is an American men's magazine
. In the United States, it has been published by the Hearst Corporation
since 1986, also having over 20 international editions.
Founded in 1933, it flourished during the Great Depression
and World War II
under the guidance of founders Arnold Gingrich
, David A. Smart
and Henry L. Jackson
while during the 1960s it pioneered the "new journalism" movement. After a period of quick and drastic decline during the 1990s, the magazine revamped itself as a lifestyle-heavy publication under the direction of David Granger.
was first issued in October 1933
as an offshoot of trade magazine Apparel Arts
(which later became Gentleman's Quarterly
; both Esquire
would share common ownership for almost 45 years). The magazine was first headquartered in Chicago and then, in New York City.
It was founded and edited by David A. Smart
, Henry L. Jackson
and Arnold Gingrich
Jackson died in the crash of United Airlines Flight 624
in 1948, while Gingrich led the magazine until his own death in 1976. Smart died in 1952, although he left Esquire
in 1936 to found a different magazine for the company, Coronet
. The founders all had different focuses; Gingrich specialized in publishing, Smart led the business side of the magazine while Jackson led and edited the fashion section, which made up most of the magazine in its first fifteen years of publishing. Additionally, Jackson's Republican
political viewpoints contrasted with the liberalDemocratic
views of Smart, which allowed for the magazine to publish debates between the two.
Beginning with its second number, a blond, pop-eyed, mustachioed character named "Esky" (created by cartoonists E. Simms Campbell
and Sam Berman
), graced almost every Esquire
front page for over a quarter of a century, depicting the refined character of the magazine and its readership, mostly in the form of figurines, although during the 1950s, a stylized design of his face would often appear. Beginning in 1962, Esky would be featured as the dot on the "I" of the logo until it was changed in 1978. After then, the character would be occasionally revived, most notably during the 1980s and 1990s, a short-lived "Esky" award given to popular rock bands during the 2000s and during Jay Fielden's tenure in the 2010s.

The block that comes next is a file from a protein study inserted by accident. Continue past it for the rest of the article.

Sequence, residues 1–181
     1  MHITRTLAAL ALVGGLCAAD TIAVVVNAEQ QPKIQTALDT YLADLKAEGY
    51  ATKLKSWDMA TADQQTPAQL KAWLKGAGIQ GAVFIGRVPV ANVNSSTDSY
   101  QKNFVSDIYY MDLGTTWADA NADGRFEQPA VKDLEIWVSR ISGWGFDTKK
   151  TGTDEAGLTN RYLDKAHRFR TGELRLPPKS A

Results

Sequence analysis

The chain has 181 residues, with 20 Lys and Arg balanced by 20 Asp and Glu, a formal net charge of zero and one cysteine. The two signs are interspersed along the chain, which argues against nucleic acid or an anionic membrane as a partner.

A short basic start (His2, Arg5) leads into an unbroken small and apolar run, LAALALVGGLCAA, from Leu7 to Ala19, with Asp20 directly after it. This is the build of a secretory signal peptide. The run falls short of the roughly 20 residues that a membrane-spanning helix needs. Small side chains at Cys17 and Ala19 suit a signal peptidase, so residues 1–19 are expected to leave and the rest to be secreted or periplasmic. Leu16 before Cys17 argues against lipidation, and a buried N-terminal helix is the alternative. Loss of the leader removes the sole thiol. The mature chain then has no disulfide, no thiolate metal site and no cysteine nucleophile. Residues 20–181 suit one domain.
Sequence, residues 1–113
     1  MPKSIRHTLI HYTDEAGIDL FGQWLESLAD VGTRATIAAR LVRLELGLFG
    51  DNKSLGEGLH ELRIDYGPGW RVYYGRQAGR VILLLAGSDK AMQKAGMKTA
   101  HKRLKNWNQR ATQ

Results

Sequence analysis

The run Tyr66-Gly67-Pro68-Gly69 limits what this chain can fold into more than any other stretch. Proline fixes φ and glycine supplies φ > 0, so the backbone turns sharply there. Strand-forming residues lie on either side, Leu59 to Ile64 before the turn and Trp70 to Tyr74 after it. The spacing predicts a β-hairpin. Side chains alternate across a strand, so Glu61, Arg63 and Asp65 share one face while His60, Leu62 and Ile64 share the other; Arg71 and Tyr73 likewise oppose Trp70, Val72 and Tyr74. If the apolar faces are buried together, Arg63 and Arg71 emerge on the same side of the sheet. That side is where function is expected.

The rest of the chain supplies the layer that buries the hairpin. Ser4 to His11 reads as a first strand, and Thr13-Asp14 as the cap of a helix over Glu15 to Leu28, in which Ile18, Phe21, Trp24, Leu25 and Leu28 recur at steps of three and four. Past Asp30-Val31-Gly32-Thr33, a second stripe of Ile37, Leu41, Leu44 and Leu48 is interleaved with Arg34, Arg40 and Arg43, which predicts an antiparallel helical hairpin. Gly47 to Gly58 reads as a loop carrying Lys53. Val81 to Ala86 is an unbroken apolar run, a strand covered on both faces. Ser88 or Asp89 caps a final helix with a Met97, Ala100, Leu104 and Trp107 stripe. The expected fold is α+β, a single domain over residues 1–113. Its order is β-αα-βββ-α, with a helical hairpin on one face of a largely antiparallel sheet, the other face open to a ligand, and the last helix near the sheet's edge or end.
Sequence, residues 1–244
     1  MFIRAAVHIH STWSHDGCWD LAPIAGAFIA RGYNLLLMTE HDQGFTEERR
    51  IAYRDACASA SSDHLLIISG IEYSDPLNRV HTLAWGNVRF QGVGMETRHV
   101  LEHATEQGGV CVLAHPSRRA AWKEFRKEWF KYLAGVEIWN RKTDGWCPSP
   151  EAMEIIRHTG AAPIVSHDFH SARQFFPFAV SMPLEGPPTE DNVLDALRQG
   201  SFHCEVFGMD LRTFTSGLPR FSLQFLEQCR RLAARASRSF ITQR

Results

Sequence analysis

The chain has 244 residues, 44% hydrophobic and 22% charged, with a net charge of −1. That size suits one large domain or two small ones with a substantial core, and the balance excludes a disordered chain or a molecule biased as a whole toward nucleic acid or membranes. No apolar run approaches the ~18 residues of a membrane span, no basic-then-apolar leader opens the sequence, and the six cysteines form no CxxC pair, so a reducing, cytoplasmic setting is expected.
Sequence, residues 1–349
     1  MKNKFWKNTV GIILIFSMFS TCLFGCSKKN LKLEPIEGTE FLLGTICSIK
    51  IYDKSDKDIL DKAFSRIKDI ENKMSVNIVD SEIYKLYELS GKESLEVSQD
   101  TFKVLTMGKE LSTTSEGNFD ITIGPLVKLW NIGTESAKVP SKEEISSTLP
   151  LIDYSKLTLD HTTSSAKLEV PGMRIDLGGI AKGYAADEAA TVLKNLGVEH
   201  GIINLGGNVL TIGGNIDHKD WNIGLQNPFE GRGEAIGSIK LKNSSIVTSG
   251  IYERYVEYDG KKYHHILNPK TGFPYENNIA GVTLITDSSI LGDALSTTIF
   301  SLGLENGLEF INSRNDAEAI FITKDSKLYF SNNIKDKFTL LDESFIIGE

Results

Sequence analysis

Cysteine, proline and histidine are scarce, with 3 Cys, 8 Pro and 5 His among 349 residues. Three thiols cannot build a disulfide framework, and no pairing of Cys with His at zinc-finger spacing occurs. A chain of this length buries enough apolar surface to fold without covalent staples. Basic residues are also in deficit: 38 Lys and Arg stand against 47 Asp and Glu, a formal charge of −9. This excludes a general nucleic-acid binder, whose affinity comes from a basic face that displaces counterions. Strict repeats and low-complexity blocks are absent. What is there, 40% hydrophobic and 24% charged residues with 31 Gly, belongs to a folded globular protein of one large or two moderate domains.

Under Harold Hayes
, who ran it from 1961 to 1973, Esquire
became as distinctive as its oversized pages,
helping pioneer the trend of New Journalism
by publishing such writers as Norman Mailer
, Tim O'Brien
, John Sack
, Gay Talese
, Tom Wolfe
, and Terry Southern
. In the mid 1960s, Esquire
partnered with Verve Records
to release a series of "Sound Tour" vinyl LPs that provided advice and music for traveling abroad.
In August 1969, Esquire
published Normand Poirier
's piece, "An American Atrocity", one of the first reports of American atrocities committed against Vietnamese civilians.
Like many other magazines of the era, Esquire
shrank from the traditional large-magazine format (about 10-1
") to the smaller standard 8½×11
inches in 1971.
The cover of Esquire from February 1961
The magazine was sold by the original owners to Clay Felker
in 1977 (although Esquire Inc. kept its name until its acquisition by Gulf + Western
in 1983). Felker reinvented the magazine as a fortnightly
in 1978, under the title of Esquire Fortnightly
, ditching the script logo that had been used (with minor tweaks) since 1933. However, the fortnightly experiment proved to be a failure, and by the end of that year, the magazine lost US$
5 million. Felker sold Esquire
in 1979 to the 13-30 Corporation, a Tennessee-based publisher, which reverted the magazine into a monthly, beginning with the July issue (dated both as of July 3 and 19). During this time, New York Woman
magazine was launched as something of a spin-off version of Esquire
aimed at a female audience. In 1986, the 13-30 Corporation (renamed as the Esquire Magazine Group) launched the New York Woman